Text by Le‘a Gleason | Images by Andrew Richard Hara
The skyspace of Kohala lights up with a blanket of stars.
On Hawai‘i Island, the night sky is dark, unbothered by dense city lights. Thousands of majestic blazing giants, millions of miles away, can be seen above the inky seascape and mountain tops. For tourists and locals alike, who are searching for such visions, it’s nightfall on the island which presents new adventures: conditions change, temperatures vary, and numerous remote destinations offer different views.
Such stargazing is far from a contemporary phenomenon—early Polynesians did so to navigate to and from Hawai‘i aboard seafaring outrigger canoes. Deep historical and cultural connections to the night sky still fascinate humans everywhere, as does the perpetual mystery of space.
For local photographer Andrew Richard Hara, his love affair with the night sky began with a college degree in architectural photography, which later blossomed into landscape and low-light photography. For over 10 years, Hara has been illuminating the stars, the moon, and other features in his low-light shots. “I use photography as an emotional journal. What I create is a reference of what I’m feeling there,” he says. “The visual part is 50 percent of what I’m seeing, and the other part is what I’m feeling, which makes me see these colors, or angles, or make certain decisions, or how I interact with the space.”
Hara began photographing at night to spend time alone exploring. “It was a way to connect with nature, in the quiet, without a lot of distraction—just me and the stars,” he says. “To be able to look up in the sky and feel connected to things that are millions of light years away is a meditation.” Below are a few perfect spots on Hawai‘i Island to look out at the stars and wonder.
Hawai‘i Volcanoes National Park
Thousands flock to this national park every year to witness the beauty of ancient lava flows and native forests. And at night, when the sun dips below the massive Halema‘uma‘u Crater, the stars begin to shine, while silhouettes of the crater and native fauna are illuminated by the distant glow of the bubbling lava pit below.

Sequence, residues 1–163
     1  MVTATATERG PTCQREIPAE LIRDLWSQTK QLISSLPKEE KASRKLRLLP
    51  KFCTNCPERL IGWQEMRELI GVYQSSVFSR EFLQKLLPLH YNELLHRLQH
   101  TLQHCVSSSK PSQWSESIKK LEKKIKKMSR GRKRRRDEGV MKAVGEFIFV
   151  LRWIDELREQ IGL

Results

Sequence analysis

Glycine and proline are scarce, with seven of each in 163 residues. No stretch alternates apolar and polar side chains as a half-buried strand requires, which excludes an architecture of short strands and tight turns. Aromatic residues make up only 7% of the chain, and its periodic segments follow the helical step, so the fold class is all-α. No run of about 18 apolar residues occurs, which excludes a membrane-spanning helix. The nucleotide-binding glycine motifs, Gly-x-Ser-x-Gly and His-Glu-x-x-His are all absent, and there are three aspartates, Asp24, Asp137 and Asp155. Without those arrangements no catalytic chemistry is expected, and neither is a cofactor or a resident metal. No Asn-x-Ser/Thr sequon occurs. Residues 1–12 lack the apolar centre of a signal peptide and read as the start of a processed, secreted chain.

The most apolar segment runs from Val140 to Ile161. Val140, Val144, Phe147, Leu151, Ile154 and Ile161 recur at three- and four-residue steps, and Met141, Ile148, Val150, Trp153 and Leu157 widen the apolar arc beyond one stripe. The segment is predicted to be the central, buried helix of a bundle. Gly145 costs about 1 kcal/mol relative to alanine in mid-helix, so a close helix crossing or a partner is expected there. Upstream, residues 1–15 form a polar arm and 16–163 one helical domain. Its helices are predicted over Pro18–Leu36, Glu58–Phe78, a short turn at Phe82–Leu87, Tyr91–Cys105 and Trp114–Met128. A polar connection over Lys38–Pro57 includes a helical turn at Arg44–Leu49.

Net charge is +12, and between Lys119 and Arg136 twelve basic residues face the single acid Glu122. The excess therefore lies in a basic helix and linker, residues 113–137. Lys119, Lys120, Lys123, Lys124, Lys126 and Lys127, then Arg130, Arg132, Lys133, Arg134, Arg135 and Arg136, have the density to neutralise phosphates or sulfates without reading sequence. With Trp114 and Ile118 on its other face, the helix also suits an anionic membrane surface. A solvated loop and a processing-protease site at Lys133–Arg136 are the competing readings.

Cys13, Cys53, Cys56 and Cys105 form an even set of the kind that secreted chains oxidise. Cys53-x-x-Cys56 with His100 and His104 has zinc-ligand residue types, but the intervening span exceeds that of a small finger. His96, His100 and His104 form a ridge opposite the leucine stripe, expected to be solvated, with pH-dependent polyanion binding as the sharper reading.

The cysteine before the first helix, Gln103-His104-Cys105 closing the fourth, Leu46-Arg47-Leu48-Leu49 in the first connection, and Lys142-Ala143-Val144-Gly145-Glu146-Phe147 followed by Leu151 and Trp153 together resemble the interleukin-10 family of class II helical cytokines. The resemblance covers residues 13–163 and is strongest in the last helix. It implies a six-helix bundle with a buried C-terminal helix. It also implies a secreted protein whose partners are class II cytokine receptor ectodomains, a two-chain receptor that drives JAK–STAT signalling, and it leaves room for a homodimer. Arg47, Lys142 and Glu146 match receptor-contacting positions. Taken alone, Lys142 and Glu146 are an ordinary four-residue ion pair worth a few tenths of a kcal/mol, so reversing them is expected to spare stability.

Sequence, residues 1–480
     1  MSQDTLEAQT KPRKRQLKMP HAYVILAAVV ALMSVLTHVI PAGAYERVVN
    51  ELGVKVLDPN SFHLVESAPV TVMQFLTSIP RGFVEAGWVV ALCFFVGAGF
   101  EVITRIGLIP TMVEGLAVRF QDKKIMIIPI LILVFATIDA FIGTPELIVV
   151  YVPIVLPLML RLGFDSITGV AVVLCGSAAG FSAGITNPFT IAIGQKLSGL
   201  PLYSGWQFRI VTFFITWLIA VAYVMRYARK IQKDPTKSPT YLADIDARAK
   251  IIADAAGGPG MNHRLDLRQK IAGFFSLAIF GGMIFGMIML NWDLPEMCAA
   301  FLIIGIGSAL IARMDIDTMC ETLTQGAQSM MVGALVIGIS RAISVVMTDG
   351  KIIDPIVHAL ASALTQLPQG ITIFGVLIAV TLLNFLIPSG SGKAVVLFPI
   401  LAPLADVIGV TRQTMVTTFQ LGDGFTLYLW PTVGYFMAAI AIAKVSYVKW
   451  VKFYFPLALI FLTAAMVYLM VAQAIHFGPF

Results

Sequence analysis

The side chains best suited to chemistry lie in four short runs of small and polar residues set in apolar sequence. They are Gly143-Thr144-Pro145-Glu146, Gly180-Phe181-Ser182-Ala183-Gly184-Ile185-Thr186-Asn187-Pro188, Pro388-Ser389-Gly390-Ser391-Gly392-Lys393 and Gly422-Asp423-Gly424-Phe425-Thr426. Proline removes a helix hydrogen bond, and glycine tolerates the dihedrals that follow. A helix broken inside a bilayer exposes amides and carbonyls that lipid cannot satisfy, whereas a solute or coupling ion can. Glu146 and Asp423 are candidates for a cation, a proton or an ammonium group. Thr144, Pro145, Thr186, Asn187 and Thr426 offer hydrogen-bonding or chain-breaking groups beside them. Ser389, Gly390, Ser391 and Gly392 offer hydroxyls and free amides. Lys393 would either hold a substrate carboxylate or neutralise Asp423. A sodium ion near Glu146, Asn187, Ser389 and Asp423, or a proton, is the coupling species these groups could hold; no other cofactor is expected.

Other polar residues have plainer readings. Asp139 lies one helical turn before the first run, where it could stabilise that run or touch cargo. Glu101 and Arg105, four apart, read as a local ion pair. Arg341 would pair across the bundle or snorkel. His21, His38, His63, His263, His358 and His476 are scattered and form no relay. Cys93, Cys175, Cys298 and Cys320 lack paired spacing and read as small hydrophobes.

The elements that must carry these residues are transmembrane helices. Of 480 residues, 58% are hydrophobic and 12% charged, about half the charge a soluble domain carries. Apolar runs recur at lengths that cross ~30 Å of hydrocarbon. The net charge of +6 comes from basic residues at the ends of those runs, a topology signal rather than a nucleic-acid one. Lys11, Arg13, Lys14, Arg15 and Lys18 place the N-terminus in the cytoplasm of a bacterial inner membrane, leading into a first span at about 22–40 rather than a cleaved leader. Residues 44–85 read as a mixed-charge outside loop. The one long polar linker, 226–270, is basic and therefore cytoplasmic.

An especially poignant view, Hara suggests, can be found at a public overlook along Crater Rim Trail between Kīlauea Military Camp and the publicly accessible steam vents. Visitors can hike most of the Crater Rim Trail (a section is closed for public safety), or simply drive to the overlook. On a clear night, stars spread across the night sky are offset by the glow of the crater below.
Hawai‘i Volcanoes National Park can be accessed from Highway 11. Crater Rim Trail is located on Crater Rim Drive within the park.
The Kohala Coast is Hawai‘i Island’s oldest area. Its massive mountains, which were once lava flows, are now marked by lush green forests and steep ridges. At the Kohala Mountain Road Overlook, located between Waimea and Kohala on Highway 250, those who stop during the day can see down the mountainside to the coast, the wide Pacific Ocean, and even glimpse Maui in the distance. At night, the glowing lights of Waimea, Waikoloa, and Kailua-Kona shine below, while the stars shine above. Here, a fantastic view of the night sky is rarely impeded by a passing car, and no hiking is necessary, since the stop is right off the road.
Kohala Mountain Road Overlook
Kohala Mountain Road is also known as Highway 250, and the lookout is near mile marker 8.
Mauna Kea is perhaps one of the most visited geographical sights on Hawai‘i Island. Standing at nearly 14,000 feet, it is a daily companion to those living below and a cultural emblem for island residents. Honored as a key site in Hawaiian origin stories, this mountain’s summit has also gifted astronomers from far and wide with some of the world’s best views of space.
The Mauna Kea Visitor Center, which sits about halfway up the mountain’s public access road, is a resource for those wanting to learn about the night sky. On Tuesday, Wednesday, Friday, and Saturday evenings, it hosts talks for the public. Visitors can view notable planets, stars, comets, and the moon through telescopes outside the center. Its elevation and lack of light pollution make this an excellent viewing area to see thousands of stars stretched across the night sky, and even, Hōkūnohoaupuni, the Milky Way galaxy.
Mauna Kea can be accessed via Saddle Road (Highway 200). A sign directs drivers to turn just before mile marker 28. The visitor center is approximately six miles up the Mauna Kea Access Road.
Mauna Loa holds a special place in the hearts of Hawai‘i Island residents, including Hara. It is only a few hundred feet shorter than the widely known Mauna Kea, yet is unique in its own way; Not only is it more remote, but it is still classified as an active volcano. “Mauna Loa supports three-quarters of the island on its mass,” Hara says. “In itself, it’s majestic.”
The parking lot at Mauna Loa Observatory offers a view of Mauna Kea and a dense blanket of stars when the sky is clear. “It’s a really nice tucked away spot that allows for a great intimate connection with the night sky,” Hara says. “There’s a feeling of solitude that’s really comfortable.”
Mauna Loa Observatory can be accessed via Saddle Road (Highway 200). A sign directs drivers to “Mauna Loa Road” between mile markers 30 and 31.